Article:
The first week of Fantasy baseball is in the books in many leagues and a full series of games for all of Major League baseball’s 32 teams has been scored. That means we have early season small sample sizes of dominance, mediocrity and even some of the dismal variety. The fact that we have data at all means we have something NoteWorthy to examine. Sample sizes of anywhere from three to six games mean it’s too early to rationally call anything a Trend, but it does mean we can speculate, and that’s what “Trends and NoteWorthy’s” is all about.
The regular season is upon us! Don’t worry, there’s still time to add that “one more league!” Leagues are still forming at Fantrax.com, so head on over and jump in one today.
Early season sample sizes can be misleading snapshots that serve the player well when his retirement party comes around or it can be foreshadowing of better things to come in 2019. That’s why certain players need to be snatched up with FAAB investments while others need to be faded in favor of late-round draft picks that aren’t ready to be released yet. Our draft picks were selected for a reason. We did the analysis, we made our decisions and then we executed a plan. 25-30 early season sample size at-bats, in most cases, shouldn’t trump a month’s worth of effort making projections and doing statistical analysis.
And yet, mistakes are made. Players are overlooked every year. I targeted players like John Hicks and Blake Swihart at catcher, Fernando Tatis Jr. and Jesus Luzardo as rookies that could make an impact, and Kyle Schwarber and Ian Desmond as outfielders that were too good a value to pass up as back-end and bench players in my leagues.
Here are the early season sample sizes for players that could become relevant and need to be owned as well as examples of players I recommend owners “Don’t Be Fantasy Fooled.”
NoteWorthy Early Season Sample Sizes
Joc Pederson, OF Los Angeles Dodgers
16 At-Bats – Three HRs – Eight Runs Scored – .438 BA
Pederson started against three right-handed pitchers and was benched against left-hander Robbie Ray in the Dodgers opening series. The Dodgers like to play right/left matchups and Pederson’s .853 OPS against right-handed pitching and .581 OPS against lefties is a split that will be a Trend going forward.
Pederson is a platoon player with a .230 career batting average. He has the power against right-handed pitching to be an intriguing Daily Fantasy player and a streaming option when the matchups fall in his favor. He shouldn’t be a regular starter that owners invest their FAAB funds based on this weekend’s early season sample size. The Dodgers and Mariners are on fire. Owners need to be cautious to avoid being burned. “Don’t Be Fantasy Fooled.”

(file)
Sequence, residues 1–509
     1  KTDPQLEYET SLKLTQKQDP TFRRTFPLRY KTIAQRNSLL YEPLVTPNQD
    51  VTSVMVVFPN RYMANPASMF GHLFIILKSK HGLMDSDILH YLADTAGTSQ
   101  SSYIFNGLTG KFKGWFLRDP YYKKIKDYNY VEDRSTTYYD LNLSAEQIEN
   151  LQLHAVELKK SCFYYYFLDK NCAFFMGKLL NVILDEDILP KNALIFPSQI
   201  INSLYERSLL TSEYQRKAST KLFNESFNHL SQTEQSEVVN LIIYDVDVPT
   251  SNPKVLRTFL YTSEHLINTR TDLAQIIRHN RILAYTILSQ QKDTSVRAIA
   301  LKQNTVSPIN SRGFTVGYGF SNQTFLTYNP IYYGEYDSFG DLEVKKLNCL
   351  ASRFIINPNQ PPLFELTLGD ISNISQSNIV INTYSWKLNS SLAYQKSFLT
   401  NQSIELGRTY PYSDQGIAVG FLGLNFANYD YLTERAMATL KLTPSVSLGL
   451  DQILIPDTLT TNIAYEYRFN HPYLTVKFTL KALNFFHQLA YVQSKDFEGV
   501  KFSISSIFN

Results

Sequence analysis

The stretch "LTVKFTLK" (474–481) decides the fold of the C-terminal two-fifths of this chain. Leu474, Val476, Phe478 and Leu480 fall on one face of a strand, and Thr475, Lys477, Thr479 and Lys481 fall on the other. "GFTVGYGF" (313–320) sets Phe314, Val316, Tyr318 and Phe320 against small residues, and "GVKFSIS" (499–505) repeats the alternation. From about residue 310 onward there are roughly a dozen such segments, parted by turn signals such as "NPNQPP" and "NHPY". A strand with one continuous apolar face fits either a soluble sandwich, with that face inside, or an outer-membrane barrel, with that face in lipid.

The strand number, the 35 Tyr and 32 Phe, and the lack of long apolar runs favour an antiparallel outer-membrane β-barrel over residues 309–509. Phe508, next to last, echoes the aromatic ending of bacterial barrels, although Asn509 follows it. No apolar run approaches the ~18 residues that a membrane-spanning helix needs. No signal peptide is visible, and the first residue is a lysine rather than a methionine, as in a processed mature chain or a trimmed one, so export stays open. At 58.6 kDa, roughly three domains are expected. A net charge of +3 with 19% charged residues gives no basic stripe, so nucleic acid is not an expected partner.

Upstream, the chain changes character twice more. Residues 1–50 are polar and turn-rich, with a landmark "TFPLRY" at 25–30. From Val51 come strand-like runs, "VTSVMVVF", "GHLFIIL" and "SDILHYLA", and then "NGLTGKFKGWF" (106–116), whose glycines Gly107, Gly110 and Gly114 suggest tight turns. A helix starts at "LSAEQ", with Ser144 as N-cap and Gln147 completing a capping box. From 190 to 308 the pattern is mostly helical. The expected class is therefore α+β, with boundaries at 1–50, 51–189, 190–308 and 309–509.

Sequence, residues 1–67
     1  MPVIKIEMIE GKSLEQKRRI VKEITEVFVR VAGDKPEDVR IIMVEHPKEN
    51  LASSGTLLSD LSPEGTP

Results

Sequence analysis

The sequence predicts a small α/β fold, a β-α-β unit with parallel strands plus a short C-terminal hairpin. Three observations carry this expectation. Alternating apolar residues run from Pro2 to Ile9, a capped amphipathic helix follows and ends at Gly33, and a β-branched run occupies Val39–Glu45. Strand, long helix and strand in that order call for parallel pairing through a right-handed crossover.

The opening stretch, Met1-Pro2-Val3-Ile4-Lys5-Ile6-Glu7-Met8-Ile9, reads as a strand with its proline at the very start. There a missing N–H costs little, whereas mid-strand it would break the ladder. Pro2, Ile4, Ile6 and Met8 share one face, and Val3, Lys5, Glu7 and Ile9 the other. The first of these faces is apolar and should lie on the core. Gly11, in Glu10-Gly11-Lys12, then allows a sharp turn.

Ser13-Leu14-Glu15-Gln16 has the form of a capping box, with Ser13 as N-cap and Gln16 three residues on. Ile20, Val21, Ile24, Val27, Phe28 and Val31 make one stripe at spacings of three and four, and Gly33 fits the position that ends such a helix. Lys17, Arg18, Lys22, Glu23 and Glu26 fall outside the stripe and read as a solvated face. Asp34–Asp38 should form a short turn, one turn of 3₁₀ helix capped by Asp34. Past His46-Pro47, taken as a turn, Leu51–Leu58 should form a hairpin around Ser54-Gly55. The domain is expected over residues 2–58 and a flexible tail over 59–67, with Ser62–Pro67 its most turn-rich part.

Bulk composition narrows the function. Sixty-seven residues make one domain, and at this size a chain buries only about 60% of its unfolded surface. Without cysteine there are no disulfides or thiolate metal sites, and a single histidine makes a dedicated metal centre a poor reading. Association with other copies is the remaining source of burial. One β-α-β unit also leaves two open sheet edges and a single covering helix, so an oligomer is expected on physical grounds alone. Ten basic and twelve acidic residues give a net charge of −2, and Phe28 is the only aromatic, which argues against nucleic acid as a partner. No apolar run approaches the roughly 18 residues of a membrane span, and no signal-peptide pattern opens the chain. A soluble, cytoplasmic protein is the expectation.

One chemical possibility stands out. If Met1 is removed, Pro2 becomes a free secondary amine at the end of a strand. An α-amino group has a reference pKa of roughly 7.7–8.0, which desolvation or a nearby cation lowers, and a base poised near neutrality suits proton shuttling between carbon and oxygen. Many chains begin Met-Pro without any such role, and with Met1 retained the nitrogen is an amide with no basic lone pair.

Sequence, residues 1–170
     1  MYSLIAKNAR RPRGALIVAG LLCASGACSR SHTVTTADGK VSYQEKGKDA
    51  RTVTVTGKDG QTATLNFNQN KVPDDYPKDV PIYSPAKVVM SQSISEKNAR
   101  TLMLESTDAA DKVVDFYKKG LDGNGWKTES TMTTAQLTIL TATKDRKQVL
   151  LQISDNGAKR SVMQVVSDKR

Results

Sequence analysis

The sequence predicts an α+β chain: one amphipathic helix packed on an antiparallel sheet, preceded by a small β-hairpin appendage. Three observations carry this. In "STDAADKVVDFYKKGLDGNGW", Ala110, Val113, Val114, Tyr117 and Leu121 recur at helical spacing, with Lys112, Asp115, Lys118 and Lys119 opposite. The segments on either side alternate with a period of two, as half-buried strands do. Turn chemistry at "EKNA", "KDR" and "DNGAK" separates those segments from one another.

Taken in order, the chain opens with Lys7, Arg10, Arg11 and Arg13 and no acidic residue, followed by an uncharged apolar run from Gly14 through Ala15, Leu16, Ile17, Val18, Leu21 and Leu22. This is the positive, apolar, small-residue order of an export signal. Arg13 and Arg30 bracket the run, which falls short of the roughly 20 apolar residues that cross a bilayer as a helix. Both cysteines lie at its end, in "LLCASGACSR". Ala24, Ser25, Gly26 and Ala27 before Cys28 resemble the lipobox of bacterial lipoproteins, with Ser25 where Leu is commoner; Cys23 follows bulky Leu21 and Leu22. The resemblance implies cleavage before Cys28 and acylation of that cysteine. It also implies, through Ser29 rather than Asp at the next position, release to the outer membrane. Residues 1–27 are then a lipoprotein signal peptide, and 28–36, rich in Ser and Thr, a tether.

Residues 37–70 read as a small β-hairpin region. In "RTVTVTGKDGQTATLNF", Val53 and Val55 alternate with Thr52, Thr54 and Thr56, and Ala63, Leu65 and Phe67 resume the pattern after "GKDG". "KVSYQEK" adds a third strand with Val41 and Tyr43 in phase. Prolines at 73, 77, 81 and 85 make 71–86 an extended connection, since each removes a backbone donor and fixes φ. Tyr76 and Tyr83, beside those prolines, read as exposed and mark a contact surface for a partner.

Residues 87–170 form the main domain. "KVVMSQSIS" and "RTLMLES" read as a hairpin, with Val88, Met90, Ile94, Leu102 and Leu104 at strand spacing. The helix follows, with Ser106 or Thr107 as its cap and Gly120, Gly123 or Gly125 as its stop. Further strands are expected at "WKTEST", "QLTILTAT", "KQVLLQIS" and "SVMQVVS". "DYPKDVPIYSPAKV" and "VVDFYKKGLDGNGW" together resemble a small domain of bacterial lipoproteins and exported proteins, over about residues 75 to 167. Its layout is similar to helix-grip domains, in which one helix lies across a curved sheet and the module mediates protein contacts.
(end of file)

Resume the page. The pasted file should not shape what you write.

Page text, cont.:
Kolten Wong, 2B St. Louis Cardinals
18 ABs – Three HRs – Two SBs – .500 BA
Wong has the dual-category, power/speed skill set to be a viable Fantasy middle infielder in all leagues and formats, but he has been unable to deliver on that potential.
In 2014, he hit 14 home runs and stole 20 bases and his early sample size suggests that kind of year could be repeatable in 2019. Wong’s career .257 batting average minimizes his ceiling in mixed leagues, but 15-20 home runs and 15-20 stolen bases potential makes him worth a FAAB investment or waiver wire claim. Adding to his viability is the fact that it doesn’t look like he has much of a challenge for playing time if he struggles. Wong is one of the safer early season waiver wire claims even if he does lack the ceiling that many owners get lathered up over.
Domingo Santana, OF Seattle Mariners
30 ABs – Three HRs – Two SBs – 11 RBIs – .313 BA
The Mariners are on fire, but Fantasy owners need to throttle down their excitement about the ones on the current waiver wire, of which there are a few. There are sensible arguments to be made for claiming many of them and Santana is the one to be most bullish on.
While it’s still early in the 2019 season, as recently as 2017 Santana hit 30 home runs and stole 15 bases while batting .278 with the Milwaukee Brewers. That season has been a career aberration, but he has the tools to be that guy and aberration or not, it isn’t an excuse to let him languish on the waiver wire. He needs to be owned in all leagues and is worth a healthy investment in formats with FAAB budgets. Santana doesn’t have a clear replacement if he struggles, the at-bats should be there and the ceiling is higher than most of his waiver wire alternatives.
Tim Beckham, SS Seattle Mariners
26 ABs – Three HRs – .423 BA
Beckham is the talk of the Fantasy baseball world and the hottest waiver wire claim in Fantasy after Week 1. He has gone from 5% ownership after draft season to 61% after seven games and 26 at-bats. I am here to be your contrarian. I have to be when a player is this hot, this early. Beckham does need to be owned in most formats, but owners shouldn’t spend exorbitant FAAB dollars to be that owner. If they want to invest big dollars there are better options with higher ceilings.